Auschwitz would be too much for some people. Looking back, I’m glad I went and would recommend others do the same. It’s absolutely harrowing, but you need to see somewhere like this. Some of the political movements that have started to take hold in Europe are sowing the same seeds of scapegoating and hatred that the Nazis propagated almost a century ago. Auschwitz is a reminder of how these things can end up.
Contributed by Deeptha of The Globe Trotter blog. You can read more about her time visiting Auschwitz-Birkenau here. You can also find The Globe Trotter on Twitter here and Facebook here.
In 2018, we visited Poland and one of the most moving experiences was visiting the concentration camps at Auschwitz /Birkenau. These concentration camps saw the cruel massacre of millions of people during the World War and remain one of the most inescapable reminders of human cruelty and human suffering. Visiting the sites made us numb with shock. Although we had watched a number of documentaries on Auschwitz, we were shocked with the sheer size of the camp. The train tracks, the gatehouse tower, the rows of barracks - everything reminded us of the people who were brought into the camps and never managed to make their way out alive. It was also very disturbing to look at the piles of shoes, suitcases and other goods taken from the prisoners and victims. Just looking at all this had such an impact on us and we couldn't fathom the lasting impact it must have had on the survivors of these camps. As we headed back from the camps to Krakow, we were emotionally drained and overall numb. It is really difficult to put into words the mix of emotions we experienced. What I can say though is that the visit was very emotional and heart-wrenching.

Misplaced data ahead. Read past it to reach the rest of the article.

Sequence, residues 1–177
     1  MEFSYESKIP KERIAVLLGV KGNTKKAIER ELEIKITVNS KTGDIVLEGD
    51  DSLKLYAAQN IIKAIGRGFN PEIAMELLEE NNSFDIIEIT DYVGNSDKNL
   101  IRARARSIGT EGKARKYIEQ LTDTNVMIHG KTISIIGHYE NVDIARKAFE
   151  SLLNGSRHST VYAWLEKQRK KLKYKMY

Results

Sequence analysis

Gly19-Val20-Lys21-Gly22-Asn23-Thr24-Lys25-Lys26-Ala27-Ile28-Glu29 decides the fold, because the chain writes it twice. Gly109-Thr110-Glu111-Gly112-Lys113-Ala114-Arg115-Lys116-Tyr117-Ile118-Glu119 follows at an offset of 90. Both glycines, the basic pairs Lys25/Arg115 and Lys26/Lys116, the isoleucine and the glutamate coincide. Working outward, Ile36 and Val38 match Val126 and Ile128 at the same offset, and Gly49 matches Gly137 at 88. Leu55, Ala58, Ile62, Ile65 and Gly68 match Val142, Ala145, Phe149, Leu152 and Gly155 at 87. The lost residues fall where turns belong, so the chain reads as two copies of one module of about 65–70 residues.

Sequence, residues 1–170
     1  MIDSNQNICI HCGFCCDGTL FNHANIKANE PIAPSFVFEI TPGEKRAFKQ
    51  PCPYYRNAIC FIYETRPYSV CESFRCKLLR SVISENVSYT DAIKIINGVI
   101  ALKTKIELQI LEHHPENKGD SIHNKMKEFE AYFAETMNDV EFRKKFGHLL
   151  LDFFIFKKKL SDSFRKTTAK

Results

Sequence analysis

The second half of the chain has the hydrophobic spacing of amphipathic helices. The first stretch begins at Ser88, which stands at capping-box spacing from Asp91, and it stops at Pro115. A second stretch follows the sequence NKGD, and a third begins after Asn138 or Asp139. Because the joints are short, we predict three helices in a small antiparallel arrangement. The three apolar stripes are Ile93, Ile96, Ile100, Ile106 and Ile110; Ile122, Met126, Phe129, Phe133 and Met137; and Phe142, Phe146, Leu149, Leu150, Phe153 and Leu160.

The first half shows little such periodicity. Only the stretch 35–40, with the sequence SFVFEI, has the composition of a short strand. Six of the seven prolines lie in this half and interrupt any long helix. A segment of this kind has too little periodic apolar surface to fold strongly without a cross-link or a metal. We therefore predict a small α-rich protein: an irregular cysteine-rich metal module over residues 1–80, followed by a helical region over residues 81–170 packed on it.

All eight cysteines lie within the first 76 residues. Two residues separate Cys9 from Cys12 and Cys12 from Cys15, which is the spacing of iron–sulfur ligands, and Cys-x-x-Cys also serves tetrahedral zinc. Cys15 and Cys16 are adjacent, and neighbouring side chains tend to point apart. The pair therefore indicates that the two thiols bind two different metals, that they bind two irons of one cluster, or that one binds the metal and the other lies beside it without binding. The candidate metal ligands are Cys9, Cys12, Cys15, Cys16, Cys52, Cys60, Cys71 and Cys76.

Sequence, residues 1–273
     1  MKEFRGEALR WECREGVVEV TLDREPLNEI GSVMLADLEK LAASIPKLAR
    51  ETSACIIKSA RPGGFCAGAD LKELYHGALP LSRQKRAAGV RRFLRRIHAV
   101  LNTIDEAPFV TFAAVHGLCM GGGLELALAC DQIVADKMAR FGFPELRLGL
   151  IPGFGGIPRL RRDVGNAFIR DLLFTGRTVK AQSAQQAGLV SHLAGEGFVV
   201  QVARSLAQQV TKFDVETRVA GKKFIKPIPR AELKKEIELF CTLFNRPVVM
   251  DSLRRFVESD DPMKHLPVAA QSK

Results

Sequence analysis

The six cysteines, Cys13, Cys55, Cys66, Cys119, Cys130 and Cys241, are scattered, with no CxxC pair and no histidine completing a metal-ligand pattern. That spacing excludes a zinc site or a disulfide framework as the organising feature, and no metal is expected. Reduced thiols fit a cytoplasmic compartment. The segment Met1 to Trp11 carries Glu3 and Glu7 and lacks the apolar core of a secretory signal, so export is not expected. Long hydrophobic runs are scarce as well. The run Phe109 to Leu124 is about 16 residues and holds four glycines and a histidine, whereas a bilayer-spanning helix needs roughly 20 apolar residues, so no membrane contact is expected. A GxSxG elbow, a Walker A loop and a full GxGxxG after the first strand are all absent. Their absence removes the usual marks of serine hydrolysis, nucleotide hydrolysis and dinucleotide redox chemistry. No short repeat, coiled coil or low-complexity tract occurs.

Contributed by Lucy Dodsworth of On The Luce travel blog. You can read more about her visit to Auschwitz here. You can also find her on Twitter here and on Facebook here.
Dark tourism is a growing industry, with sites of tragic events becoming tourist attractions all around the world, from the 9/11 Memorial to the ruins of Chernobyl. But darkest of all are the Second World War concentration camps like Auschwitz-Birkenau, sites where millions of people lost their lives. We all know the story of the Holocaust, from films and TV shows, books and school history lessons. But walking through the site, past those concrete watchtowers and lines of barbed-wire fence, makes it real in a way that no book or film ever can. Lines of huts stretching off into the distance at Birkenau bring the scale to life, and the stories and photos of individual victims turns those numbers into real people's lives. It's a moving, sobering, upsetting and powerful experience all in one. There are always going to be questions about whether people should be visiting these dark tourism sites. But as a way to help us remember and to make sure humanity learns from its mistakes, it's important that we face the past and visiting Auschwitz is something I'll never forget.
Safe Travels All,